Here's the sneak peak I promised you yesterday at progress on Drachenfels, which for those of you who haven't seen it, is a large, asymmetric shawl, knit side to side.


I've completed just about the first third of it here.  It's rather lovely just as it is, but I want the full large shawl to use on cold airplanes and winter nights.

This thought made me curious about the final dimensions, so I did a quick download of the pattern to check.  Apparently I was a little bit too quick, as I downloaded the French version, which tells me:

            Dimensions finales

            Châle triangulaire légèrement asymétrique de 83“ [210 cm] par 25.5“ [65 cm] (voir le schéma) 

It sounds so charming!  And I'm guessing, since I speak no French, that it's indicating my final version should be around 83" in length and 25.5" as the maximum height of the triangle.

One note about color placement.  If I were following the pattern as written, I would have only used the pink (The Plucky Knitter's Decorum Dictates) and the gray (The Plucky Knitter's Medieval).  The yellow/green (The Plucky Knitter's Good 'Ole Days) would have only come into play in the midsection stripes.  I wanted a bit more of a uniform feel, so I tucked two of the green stripes into this side, and will balance that with two stripes of the pink on the far side. 


Elliebelly’s Adventurous April KAL 2015 Begins

The Knit Along isn't actually beginning just yet, but I'm winding my yarn and gathering my notions so I will be all ready on April 1.  Looking for a KAL to join?  Our pattern, Antarktis, is a one skein project that is beginner appropriate and we are lots of fun to knit with!  You can use any yarn you want, and, if knitting a scarf/shawl isn't your thing, we also have a stuffed animal and a "learn a new technique" category.  Sign up for the Elliebelly group on Ravelry here, introduce yourself in the threads and feel free to join in with us!


I've selected my yarn after lots of back and forth.  It's Elliebelly's MCN (merino/cashmere/nylon) High Twist in a fingering weight.  It's a pale robin's egg blue called Lady Mary (if you watch Downton Abbey, you'll remember the dress that inspired the colorway!)


My runner up choice is this Elliebelly Seasilk  in Jabot.  I went with the Cashmerino blend because the Seasilk doesn't grow as much when blocked, and pattern designer Janina Kallio stresses the importance of selecting a yarn that will block well.

I'm all set.  I've got my new Darn Pretty Needles all ready to go, along with my yarn in a pretty linen bag from Churchmouse.  See you on Wednesday for the start of knitting nirvana as we all cast on.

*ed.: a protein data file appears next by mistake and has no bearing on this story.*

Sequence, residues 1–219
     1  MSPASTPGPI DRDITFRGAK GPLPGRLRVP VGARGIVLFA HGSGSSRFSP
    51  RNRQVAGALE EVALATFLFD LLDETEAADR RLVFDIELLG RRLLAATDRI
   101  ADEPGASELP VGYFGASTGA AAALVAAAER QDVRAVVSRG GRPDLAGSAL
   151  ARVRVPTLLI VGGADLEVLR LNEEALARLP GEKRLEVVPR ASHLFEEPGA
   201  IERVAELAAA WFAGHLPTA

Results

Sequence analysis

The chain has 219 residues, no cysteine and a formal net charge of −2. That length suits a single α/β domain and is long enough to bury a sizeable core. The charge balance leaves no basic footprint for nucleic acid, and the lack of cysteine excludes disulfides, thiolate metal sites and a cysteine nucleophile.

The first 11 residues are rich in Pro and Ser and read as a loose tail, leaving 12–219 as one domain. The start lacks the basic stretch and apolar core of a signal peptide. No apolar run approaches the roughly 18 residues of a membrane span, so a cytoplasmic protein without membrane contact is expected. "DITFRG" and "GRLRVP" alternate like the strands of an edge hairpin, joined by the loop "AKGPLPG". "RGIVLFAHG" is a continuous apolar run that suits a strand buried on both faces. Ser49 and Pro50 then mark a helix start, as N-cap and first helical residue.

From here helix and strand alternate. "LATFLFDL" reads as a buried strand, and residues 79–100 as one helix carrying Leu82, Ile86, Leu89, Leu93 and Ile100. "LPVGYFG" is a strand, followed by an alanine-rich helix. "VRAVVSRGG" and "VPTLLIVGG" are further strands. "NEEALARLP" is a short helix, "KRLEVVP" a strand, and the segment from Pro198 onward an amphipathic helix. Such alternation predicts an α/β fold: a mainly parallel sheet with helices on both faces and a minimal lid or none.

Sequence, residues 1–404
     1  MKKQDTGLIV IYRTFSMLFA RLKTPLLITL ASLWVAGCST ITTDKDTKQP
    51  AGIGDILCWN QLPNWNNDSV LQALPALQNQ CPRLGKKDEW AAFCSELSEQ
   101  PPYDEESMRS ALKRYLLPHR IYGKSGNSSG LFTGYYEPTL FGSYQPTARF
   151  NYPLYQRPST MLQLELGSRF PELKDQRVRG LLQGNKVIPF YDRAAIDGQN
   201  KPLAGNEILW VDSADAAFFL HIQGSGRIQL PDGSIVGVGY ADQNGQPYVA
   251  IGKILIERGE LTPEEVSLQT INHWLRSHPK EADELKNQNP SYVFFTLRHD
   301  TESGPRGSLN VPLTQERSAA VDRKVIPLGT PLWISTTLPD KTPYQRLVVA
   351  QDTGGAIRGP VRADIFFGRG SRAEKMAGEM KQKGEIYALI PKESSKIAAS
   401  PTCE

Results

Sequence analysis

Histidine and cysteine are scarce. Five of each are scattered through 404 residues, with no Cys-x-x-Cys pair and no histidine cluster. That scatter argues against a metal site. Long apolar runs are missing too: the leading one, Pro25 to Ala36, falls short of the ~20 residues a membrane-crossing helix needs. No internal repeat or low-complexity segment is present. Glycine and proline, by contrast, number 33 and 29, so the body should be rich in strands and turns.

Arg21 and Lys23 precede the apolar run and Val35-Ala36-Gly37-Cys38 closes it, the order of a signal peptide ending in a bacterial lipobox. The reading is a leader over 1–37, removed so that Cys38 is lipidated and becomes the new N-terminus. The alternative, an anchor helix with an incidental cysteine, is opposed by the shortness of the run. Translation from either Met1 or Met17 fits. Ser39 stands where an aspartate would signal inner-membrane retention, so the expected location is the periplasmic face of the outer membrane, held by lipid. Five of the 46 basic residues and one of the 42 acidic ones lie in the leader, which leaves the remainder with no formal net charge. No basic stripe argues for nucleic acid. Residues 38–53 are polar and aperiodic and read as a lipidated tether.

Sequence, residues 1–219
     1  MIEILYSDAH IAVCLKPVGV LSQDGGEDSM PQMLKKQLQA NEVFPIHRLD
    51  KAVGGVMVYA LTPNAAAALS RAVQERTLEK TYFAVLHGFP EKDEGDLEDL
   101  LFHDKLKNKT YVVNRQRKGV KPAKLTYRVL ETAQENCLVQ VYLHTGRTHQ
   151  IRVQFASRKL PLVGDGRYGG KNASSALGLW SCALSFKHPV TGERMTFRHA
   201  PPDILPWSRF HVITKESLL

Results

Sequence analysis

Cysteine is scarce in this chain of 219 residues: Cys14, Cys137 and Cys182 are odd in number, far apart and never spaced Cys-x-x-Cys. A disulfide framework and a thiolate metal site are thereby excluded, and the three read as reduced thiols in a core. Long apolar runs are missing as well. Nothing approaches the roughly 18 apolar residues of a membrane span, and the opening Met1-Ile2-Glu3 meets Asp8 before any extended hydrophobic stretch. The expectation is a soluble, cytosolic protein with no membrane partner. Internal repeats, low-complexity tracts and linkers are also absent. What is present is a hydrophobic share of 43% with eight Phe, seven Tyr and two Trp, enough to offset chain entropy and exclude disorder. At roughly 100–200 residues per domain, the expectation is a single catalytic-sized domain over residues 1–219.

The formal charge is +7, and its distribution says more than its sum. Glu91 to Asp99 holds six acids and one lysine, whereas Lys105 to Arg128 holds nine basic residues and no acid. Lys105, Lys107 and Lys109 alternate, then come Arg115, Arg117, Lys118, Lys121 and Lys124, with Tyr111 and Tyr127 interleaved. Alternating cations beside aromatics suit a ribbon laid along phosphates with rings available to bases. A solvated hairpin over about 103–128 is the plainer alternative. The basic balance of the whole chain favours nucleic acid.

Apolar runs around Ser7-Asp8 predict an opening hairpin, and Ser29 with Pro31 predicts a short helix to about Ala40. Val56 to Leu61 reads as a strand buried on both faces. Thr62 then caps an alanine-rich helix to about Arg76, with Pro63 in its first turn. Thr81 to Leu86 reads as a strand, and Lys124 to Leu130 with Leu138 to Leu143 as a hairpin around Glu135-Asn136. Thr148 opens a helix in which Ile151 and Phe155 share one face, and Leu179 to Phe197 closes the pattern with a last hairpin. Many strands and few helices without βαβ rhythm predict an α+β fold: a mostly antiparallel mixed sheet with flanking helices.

A little progress on Drachenfels


I wanted to share the introduction of color onto Drachenfels.  It's so much fun to knit!

I've deviated a bit from the pattern to have all three colors show on each of the ends, so the green bit is my own addition.  Knitting with cashmere is awfully, awfully fun.  This project is more guilty pleasure than work.

The whole carrying the yarn along the edges to avoid weaving in all those ends thing is a challenge for me. I'm only going to be able to carry where there is a two row change in color.  I'll need to spend some time looking for a better way to do it on longer runs, but for now, I've decided to be old fashioned and weave in my ends on those pretty pops of color!


What to Knit?

I've fallen.  Fallen hard.

It hasn't happened for a very long time.

But this yarn.  This.


Irresistible in every colorway I've seen it dyed in.

It's Malabrigo's Rasta.  And did I tell you I fell hard?

Laguna Negra.




And Zarzamora.


And more Piedras, the colorway that started it all with the scarf up at the top.

Joining, already in my stash, Arco de Iris and Indecita.  Yes, fallen hard.

If I can convince myself to move beyond just petting it — lovely, soft, Merino — this is the start of my holiday knitting.  I have plans for a couple of hats, a shawl or two in a large chunky lace, and perhaps another scarf.  The colors are so pretty, with each skein its own unique mixture of the colors and shades used for its colorway.  There is a certain element of indefinable and unpredictable difference that makes what would already be an exceptional yarn a mystical experience to knit with.

You can't overestimate the the qualities of a really fine yarn.  Love.  Yes, it's definitely love.